Maddie Hughes

Happy campers surround their camp counselor, Maddie Hughes, center.

I got the job on the spot in March: I was going to be the photo counselor at a camp in Maine for a summer - eight weeks of hanging out by a lake and taking care of kids.

I had done a lot of babysitting and volunteered at a few summer day camps in high school, but I didn’t know what I had gotten myself into.

The eight weeks were filled with smiles, laughs, tears, and fears.

My friends and I laughed and smiled a lot because there was nothing else to do but go with the flow. I consoled many crying campers - some because they were mad that I had confiscated their candy, others because they had a fight with their friend.

And I faced many fears, including my fear of heights. I was the one who had to climb up a 20-foot ladder to take a group photo of the campers.

I was the bunk mom for five wonderful, hilarious eight-year-old girls. I worked with a co-counselor, but she wasn’t around a lot.

Every day we had a quiet period, and since our campers were young, we were expected to take turns in the bunk every other day to make sure our girls behaved. My co-counselor wasn’t so good about being there. So, when I went to grab my bathing suit before heading down to the lake, my girls would beg me to stay.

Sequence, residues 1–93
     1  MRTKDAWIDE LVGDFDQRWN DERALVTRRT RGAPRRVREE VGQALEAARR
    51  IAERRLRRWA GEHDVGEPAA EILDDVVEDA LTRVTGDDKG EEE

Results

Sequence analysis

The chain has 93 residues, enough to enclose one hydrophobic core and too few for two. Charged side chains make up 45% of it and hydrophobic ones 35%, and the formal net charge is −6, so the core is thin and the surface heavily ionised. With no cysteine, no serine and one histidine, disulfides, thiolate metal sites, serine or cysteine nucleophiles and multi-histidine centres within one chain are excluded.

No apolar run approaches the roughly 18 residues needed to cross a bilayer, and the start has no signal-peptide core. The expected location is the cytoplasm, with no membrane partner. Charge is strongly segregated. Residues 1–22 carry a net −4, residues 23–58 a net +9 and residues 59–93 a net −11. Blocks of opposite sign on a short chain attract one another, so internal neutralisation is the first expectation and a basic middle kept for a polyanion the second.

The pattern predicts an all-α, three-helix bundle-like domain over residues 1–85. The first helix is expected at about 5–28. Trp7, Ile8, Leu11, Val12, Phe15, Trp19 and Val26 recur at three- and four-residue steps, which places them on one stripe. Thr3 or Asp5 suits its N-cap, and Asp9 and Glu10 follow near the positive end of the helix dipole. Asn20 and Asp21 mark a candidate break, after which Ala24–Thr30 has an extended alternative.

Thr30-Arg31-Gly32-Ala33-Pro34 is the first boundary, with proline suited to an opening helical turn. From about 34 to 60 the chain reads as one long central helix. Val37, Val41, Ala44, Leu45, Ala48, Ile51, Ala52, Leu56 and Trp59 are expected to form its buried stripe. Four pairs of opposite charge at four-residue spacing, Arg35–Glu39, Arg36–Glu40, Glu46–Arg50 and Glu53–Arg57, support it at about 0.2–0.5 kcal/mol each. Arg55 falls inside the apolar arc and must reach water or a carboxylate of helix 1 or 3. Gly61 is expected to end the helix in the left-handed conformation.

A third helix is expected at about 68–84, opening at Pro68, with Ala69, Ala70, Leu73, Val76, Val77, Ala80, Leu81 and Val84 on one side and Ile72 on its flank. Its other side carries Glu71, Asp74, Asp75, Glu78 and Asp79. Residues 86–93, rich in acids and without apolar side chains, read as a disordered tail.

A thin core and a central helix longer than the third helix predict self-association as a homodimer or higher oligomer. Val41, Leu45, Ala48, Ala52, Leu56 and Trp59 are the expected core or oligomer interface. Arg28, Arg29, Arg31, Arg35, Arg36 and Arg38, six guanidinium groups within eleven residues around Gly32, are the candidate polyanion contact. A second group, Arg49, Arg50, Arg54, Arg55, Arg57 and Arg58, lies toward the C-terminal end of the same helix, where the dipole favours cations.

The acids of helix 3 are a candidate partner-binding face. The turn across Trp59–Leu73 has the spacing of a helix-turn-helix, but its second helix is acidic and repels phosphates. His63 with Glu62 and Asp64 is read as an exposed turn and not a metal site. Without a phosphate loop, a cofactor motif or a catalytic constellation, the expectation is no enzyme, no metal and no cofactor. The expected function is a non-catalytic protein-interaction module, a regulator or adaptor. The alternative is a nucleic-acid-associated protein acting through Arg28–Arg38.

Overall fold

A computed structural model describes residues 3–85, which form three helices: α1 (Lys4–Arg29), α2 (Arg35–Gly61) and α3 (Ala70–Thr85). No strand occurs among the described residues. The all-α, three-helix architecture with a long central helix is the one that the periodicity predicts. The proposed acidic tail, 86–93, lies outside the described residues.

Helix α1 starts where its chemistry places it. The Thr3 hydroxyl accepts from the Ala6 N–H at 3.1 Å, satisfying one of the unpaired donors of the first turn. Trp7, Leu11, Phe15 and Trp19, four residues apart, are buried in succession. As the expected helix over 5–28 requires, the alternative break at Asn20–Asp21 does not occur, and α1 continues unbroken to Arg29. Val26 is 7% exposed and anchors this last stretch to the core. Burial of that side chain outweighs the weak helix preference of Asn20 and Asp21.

I would pull out my phone and we would have a mini-dance party to songs they liked. This wasn’t technically allowed - the younger girls weren’t allowed to have music devices, and I, as a counselor, wasn’t supposed to be using my phone in front of them. But I wasn’t scrolling through Facebook instead of watching them, so I figured it was okay.

Other counselors would bribe their kids with candy, which on a counselor’s stipend added up quickly. Instead, I bribed my kids with music and dancing. Because I was laughing at myself, the girls felt free to loosen up and laugh at themselves, too.

Bunk dance parties solved fights between the girls, hurt feelings when a letter from parents didn’t arrive on time, and other incidents that can hurt morale.

So, it was “Cheerleader” every day. By the end of the summer, I had the words memorized and a dance choreographed. Making fun of myself was the best tool I had.

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